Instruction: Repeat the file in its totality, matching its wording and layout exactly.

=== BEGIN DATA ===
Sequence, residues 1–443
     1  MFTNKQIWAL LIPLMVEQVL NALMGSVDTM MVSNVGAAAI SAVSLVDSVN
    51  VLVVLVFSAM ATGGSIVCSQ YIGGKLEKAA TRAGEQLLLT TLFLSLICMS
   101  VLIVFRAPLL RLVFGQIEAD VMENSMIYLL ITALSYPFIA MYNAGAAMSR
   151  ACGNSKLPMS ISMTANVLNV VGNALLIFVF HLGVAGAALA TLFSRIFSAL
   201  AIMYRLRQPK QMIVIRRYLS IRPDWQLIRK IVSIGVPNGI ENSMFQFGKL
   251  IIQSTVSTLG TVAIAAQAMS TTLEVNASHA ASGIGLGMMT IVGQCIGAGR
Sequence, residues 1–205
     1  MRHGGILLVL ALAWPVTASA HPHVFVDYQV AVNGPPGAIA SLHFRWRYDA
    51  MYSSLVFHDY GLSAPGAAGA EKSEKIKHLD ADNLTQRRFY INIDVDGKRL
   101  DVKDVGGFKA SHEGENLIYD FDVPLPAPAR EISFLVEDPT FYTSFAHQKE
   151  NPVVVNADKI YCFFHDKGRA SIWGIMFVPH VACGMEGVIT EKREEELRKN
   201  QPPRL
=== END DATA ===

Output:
Sequence, residues 1–443
     1  MFTNKQIWAL LIPLMVEQVL NALMGSVDTM MVSNVGAAAI SAVSLVDSVN
    51  VLVVLVFSAM ATGGSIVCSQ YIGGKLEKAA TRAGEQLLLT TLFLSLICMS
   101  VLIVFRAPLL RLVFGQIEAD VMENSMIYLL ITALSYPFIA MYNAGAAMSR
   151  ACGNSKLPMS ISMTANVLNV VGNALLIFVF HLGVAGAALA TLFSRIFSAL
   201  AIMYRLRQPK QMIVIRRYLS IRPDWQLIRK IVSIGVPNGI ENSMFQFGKL
   251  IIQSTVSTLG TVAIAAQAMS TTLEVNASHA ASGIGLGMMT IVGQCIGAGR
Sequence, residues 1–205
     1  MRHGGILLVL ALAWPVTASA HPHVFVDYQV AVNGPPGAIA SLHFRWRYDA
    51  MYSSLVFHDY GLSAPGAAGA EKSEKIKHLD ADNLTQRRFY INIDVDGKRL
   101  DVKDVGGFKA SHEGENLIYD FDVPLPAPAR EISFLVEDPT FYTSFAHQKE
   151  NPVVVNADKI YCFFHDKGRA SIWGIMFVPH VACGMEGVIT EKREEELRKN
   201  QPPRL